Minister Ng announces partners to establish Black Entrepreneurship Knowledge Hub
December 13, 2021 – Ottawa, Ontario
Black Canadian business owners and entrepreneurs make important contributions to the Canadian economy, yet they continue to face systemic racism and obstacles to starting and growing their businesses. This has been further exacerbated by the COVID-19 pandemic. The Government of Canada is working to address long-standing barriers through its first-ever Black Entrepreneurship Program—an investment of over $400 million to support the long-term success of Black entrepreneurs and business owners.
Today, the Honourable Mary Ng, Minister of International Trade, Export Promotion, Small Business and Economic Development, announced that Carleton University and Dream Legacy Foundation have been chosen to establish the Black Entrepreneurship Knowledge Hub, the third pillar in the Black Entrepreneurship Program. Minister Ng made the announcement at Carleton University and was joined by Greg Fergus, Parliamentary Secretary to the Prime Minister and to the President of the Treasury Board and Chair of the Parliamentary Black Caucus, and Yasir Naqvi, Member of Parliament for Ottawa Centre.
Once operational, the Knowledge Hub, created through a $5 million investment from the government, will conduct research and collect data on Black entrepreneurship in Canada and identify barriers to success as well as opportunities to help Black entrepreneurs grow their business.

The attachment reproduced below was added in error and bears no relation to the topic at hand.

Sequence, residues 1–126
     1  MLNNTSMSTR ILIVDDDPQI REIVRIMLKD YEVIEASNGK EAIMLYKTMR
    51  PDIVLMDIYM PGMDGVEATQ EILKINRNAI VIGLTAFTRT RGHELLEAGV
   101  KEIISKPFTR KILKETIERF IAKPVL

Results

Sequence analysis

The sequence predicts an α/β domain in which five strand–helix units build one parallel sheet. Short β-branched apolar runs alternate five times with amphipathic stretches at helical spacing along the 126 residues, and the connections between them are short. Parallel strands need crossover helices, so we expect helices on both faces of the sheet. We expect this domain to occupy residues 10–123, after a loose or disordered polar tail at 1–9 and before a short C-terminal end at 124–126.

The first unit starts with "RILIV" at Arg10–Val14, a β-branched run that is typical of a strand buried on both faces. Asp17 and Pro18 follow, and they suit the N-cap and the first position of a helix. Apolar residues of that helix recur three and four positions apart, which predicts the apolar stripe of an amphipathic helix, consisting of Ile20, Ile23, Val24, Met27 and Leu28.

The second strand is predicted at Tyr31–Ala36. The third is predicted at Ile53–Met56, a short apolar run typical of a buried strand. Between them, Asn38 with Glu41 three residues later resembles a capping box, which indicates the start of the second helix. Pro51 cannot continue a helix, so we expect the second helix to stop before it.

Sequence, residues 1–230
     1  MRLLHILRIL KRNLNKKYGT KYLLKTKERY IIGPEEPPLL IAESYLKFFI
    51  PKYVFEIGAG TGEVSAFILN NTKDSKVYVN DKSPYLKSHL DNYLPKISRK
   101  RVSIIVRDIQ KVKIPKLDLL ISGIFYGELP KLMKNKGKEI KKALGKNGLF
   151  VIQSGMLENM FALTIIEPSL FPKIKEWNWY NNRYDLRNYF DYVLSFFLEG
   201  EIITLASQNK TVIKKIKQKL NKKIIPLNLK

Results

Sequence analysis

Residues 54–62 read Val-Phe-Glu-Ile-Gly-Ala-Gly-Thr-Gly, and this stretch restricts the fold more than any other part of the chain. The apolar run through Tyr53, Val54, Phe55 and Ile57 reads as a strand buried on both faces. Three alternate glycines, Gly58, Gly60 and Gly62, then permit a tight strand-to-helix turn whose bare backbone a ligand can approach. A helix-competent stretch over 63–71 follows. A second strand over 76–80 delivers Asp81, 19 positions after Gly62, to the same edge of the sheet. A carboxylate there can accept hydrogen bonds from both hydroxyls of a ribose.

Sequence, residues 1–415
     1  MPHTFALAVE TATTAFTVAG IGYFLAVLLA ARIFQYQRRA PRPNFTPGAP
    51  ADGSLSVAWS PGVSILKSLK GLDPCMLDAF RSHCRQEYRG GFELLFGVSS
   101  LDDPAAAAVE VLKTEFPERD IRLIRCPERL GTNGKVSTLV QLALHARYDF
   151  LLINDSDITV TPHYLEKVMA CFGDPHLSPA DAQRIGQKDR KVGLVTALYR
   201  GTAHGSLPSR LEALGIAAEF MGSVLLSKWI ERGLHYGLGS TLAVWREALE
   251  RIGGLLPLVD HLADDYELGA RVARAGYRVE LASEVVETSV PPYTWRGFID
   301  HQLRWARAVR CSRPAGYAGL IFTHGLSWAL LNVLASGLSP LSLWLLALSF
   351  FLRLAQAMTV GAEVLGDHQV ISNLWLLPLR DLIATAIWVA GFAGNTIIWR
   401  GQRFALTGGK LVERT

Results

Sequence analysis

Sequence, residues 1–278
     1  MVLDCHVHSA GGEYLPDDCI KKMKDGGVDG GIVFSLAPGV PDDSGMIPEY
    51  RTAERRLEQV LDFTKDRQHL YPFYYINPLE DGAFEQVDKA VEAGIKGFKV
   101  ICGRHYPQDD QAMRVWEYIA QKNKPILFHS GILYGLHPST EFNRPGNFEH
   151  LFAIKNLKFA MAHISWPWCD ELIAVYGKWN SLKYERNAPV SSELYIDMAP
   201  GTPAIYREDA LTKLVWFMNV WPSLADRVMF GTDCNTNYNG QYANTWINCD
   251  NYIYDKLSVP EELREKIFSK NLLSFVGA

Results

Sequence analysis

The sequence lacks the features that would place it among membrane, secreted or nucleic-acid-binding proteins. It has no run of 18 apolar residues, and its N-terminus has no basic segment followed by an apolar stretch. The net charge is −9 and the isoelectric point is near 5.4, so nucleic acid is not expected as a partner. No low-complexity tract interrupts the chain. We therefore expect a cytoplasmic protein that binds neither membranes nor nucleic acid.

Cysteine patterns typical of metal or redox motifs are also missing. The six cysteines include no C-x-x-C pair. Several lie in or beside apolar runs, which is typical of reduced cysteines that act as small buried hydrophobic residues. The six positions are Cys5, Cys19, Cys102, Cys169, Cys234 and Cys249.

The Hub will be an important component of Carleton University’s recently formed Innovation Hub, an incubator and accelerator that promotes innovation and entrepreneurship and contributes to the university’s equity, diversity and inclusion commitment. Dream Legacy Foundation is a Black-led not-for-profit philanthropic organization based in Toronto that focuses on diversity and inclusion with an emphasis on the Black community and other under-represented groups. Its vision is to ensure an inclusive market economy in which systemic barriers are eradicated and the contributions of under-represented groups are amplified and valued.
In order to ensure a pan-Canadian reach, Carleton University and Dream Legacy Foundation will create regional hubs across the country. Each hub will be led by a recognized post-secondary institution and will work collaboratively with community organizations to co-develop research on Black entrepreneurship, including a mapping of the Black entrepreneurship ecosystem.
“Black Canadian business owners and entrepreneurs make significant contributions to the Canadian economy and to the communities around them, but they continue to face systemic barriers, many of which have been greatly increased by the pandemic. Our government’s investment to establish the Black Entrepreneurship Knowledge Hub will lead to a better understanding of the barriers Black entrepreneurs face and help identify opportunities for growth. This is another important step toward a more inclusive, more just and more prosperous Canada now and for future generations.”